English - Chocolate and chicks
I was working in nursery education when it was announced that children were to be screened in phonics in Year 1. Did I breathe a sigh of relief? No. Because this process needs to start at a younger age.
As every nursery teacher knows, certain parts of the timetable can get pushed into the background when you are busy mopping up tears or practising for endless performances. But I decided that phonics was not going to suffer and could be incorporated into the whole session. Then it struck me: if phonics could be linked to my activities and topics, why couldn't it be cross-curricular, too? Welcome to phonics for Easter...
It was the start of the day and 30 eager three-year-olds were waiting for their name to be called in the register. But this was the Easter alliteration register.
"Good morning, Bbbbunny Beau, Chchchchocolate Charlie."
Out in the playground, the children went on an Easter hunt with a difference - searching for rhyming objects. Children ran over, happily shouting: "I've found Funny Bunny and Meg Egg!"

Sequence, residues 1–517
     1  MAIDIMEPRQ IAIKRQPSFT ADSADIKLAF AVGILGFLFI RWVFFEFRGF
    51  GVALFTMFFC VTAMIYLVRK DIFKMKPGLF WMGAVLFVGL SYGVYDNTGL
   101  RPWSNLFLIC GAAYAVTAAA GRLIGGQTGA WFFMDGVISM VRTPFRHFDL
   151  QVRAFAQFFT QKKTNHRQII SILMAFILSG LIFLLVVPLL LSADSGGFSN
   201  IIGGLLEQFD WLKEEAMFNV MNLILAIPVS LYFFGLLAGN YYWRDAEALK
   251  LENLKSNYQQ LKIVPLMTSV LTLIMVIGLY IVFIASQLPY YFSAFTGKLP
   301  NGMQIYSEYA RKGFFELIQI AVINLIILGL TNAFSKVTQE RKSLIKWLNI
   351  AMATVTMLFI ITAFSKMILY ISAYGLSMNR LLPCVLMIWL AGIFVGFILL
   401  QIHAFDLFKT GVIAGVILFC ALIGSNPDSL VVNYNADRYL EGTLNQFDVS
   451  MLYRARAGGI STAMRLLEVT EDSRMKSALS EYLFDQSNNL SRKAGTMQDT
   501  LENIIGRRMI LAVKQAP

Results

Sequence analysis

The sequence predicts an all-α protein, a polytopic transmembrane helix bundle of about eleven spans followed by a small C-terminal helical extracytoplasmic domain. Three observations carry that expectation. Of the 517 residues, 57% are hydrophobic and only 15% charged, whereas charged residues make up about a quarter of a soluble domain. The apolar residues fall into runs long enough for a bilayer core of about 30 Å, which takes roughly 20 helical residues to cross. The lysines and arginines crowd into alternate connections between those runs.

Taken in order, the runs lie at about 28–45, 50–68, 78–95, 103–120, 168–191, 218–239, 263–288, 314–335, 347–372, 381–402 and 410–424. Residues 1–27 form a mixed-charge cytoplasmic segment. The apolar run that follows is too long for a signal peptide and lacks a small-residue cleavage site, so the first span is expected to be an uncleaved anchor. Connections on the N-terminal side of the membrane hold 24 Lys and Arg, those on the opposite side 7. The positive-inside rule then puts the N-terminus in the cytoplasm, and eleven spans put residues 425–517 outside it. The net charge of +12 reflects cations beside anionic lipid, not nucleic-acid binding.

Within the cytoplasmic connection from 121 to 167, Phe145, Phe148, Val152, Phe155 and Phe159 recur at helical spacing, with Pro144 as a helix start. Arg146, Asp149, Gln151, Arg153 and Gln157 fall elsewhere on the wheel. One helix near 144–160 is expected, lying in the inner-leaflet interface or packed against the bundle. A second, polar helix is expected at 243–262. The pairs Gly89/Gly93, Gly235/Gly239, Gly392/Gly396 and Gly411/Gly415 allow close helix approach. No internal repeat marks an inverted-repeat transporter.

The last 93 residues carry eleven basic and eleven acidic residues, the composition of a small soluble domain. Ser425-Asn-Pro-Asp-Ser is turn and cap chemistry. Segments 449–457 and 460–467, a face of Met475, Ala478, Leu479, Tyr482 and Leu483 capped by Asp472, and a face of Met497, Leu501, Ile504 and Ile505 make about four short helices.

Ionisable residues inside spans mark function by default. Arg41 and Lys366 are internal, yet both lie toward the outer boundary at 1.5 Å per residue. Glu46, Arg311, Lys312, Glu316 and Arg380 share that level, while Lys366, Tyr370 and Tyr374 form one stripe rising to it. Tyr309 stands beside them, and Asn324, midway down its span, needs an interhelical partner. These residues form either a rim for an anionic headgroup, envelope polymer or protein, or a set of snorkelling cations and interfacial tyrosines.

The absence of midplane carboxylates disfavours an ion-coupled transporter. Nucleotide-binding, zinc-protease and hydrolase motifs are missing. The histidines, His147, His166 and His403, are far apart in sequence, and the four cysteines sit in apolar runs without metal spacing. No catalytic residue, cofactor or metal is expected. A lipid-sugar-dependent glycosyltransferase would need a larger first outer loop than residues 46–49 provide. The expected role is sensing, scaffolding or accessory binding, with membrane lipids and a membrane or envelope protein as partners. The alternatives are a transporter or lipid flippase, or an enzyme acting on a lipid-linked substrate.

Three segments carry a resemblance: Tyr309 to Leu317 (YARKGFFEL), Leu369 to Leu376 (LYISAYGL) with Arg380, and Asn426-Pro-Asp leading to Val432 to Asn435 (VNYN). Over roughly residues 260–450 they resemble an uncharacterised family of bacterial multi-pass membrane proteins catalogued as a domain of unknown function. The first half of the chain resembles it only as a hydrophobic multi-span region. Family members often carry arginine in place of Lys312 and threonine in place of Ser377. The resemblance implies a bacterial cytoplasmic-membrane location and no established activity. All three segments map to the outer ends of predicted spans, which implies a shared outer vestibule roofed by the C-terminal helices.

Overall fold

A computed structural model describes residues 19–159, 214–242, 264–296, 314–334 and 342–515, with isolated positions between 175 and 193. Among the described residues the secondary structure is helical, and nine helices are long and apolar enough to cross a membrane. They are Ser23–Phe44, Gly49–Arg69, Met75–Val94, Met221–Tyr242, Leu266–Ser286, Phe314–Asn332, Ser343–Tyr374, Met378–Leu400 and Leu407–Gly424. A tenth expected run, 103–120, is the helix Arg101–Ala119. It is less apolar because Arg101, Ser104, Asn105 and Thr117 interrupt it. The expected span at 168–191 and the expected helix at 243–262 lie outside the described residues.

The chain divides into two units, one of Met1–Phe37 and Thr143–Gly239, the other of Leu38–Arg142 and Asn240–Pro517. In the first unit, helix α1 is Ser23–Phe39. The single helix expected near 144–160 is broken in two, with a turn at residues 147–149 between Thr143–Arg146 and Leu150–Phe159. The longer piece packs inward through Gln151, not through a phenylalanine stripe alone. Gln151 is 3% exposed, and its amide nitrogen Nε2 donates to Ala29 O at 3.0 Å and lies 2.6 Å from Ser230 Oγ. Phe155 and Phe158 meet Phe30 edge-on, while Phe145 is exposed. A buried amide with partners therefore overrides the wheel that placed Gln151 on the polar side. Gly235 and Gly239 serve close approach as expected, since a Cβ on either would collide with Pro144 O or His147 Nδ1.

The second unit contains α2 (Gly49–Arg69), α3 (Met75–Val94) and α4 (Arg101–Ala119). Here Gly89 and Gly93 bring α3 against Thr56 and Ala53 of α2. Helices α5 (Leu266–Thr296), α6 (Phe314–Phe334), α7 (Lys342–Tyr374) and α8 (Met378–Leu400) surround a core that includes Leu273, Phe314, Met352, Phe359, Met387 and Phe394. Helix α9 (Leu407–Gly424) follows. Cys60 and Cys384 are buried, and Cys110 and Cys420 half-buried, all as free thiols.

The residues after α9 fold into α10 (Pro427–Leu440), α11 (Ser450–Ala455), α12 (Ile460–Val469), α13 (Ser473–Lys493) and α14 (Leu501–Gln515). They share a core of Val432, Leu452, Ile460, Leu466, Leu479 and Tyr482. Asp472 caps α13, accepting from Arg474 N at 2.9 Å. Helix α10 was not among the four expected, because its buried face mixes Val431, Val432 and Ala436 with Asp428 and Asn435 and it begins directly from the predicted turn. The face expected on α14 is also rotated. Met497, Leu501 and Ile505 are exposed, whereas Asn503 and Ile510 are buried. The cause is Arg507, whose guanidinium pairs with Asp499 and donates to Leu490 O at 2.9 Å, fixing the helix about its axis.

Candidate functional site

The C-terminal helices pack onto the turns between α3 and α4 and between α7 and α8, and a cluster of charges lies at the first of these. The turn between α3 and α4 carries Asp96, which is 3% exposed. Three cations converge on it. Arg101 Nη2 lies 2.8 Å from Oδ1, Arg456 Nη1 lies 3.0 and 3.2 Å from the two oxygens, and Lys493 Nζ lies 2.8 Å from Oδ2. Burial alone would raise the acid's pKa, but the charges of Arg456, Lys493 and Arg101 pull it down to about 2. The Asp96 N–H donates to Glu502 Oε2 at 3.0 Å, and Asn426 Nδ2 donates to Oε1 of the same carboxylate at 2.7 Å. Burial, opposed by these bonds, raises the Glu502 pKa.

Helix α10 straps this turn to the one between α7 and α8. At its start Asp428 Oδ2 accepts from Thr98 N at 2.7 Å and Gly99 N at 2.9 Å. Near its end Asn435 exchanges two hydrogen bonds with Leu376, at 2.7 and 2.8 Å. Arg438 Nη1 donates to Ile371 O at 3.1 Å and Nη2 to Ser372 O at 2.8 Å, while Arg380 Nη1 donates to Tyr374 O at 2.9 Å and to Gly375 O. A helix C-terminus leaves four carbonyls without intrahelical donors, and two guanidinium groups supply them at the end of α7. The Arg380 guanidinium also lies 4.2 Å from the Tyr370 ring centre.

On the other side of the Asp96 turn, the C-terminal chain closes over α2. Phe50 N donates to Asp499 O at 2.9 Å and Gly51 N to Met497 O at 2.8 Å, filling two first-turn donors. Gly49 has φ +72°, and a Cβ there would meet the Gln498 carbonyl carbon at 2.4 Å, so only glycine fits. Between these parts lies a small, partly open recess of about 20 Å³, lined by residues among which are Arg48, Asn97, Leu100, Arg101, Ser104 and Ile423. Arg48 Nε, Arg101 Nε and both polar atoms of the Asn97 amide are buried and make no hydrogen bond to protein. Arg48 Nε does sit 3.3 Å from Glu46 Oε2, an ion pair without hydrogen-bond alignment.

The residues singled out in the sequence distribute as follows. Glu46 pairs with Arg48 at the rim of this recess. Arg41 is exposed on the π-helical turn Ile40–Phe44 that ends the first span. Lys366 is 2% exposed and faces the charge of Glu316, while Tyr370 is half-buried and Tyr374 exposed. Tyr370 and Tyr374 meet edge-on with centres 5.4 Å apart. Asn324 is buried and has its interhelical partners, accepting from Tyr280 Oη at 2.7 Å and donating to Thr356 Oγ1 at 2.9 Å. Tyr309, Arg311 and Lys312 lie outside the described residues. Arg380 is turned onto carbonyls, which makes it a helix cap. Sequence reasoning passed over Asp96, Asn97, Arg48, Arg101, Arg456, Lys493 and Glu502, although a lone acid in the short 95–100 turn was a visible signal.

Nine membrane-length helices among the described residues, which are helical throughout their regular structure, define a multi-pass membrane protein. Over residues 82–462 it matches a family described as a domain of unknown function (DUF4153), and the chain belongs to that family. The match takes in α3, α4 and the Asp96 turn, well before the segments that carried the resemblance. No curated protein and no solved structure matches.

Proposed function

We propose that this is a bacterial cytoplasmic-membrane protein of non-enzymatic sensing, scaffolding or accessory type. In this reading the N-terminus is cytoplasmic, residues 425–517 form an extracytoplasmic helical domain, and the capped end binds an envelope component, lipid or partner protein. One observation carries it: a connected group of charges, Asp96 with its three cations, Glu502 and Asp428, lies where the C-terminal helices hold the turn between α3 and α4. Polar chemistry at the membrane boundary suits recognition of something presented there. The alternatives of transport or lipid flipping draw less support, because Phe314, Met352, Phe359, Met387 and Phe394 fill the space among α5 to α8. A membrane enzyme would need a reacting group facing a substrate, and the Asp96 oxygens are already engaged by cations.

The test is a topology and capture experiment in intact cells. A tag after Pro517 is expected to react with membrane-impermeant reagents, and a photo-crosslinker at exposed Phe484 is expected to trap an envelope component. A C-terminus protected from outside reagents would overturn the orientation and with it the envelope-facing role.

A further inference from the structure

They decorated alien eggs to roll and gave them alliterative alien names such as Li Lo and Fa Fum. They had great fun predicting which alien egg was going to roll the furthest and loved adding sound effects to the rolling: "weeeee!" and "smash!"
Our Easter stories were filled with sound effects: "baaaaa" went the sheep, "cluck" went the chicks and "rustle" went the foil around the chocolate. The Easter songs we performed in the Easter bonnet parade, such as Chick Chick Chicken and Hot Cross Buns, were accompanied by drums and tambourines.
To reinforce oral blending and segmenting, my chicken arms flapped as I blended the instructions: "Today we are going to decorate e-gg-s. Look at all the colours you can choose: r-e-d or g-r-ee-n." I also had a springtime blending box. When children were waiting to be released at the end of the day, I peeked inside it and said: "Oooh, I have a sh-ee-p. What do I have, Samira?"
If Samira guessed correctly, I revealed a toy sheep or a laminated picture of a sheep, congratulated her and sent her to get her things. The children loved this and treated it like a game. Indeed, they began to ask for the blending box all the time.
I did deliver a daily phonics session, but it was the incidental teaching that made a huge difference to the children's attainment in phonics and made sure that they were fully prepared for phase 2 in Reception. And by linking it to my topics, it gave the activities more purpose.
Michelle Dredger is an author and freelance trainer for Pearson
Revise the principles of synthetic phonics and try some practical phonics games with this handy training guide from cariad2. bit.lyPhonicsTraining
Play Jolly Phonics Pairs with your class, a game of matching words and pictures from D U. bit.lyJollyPhonics.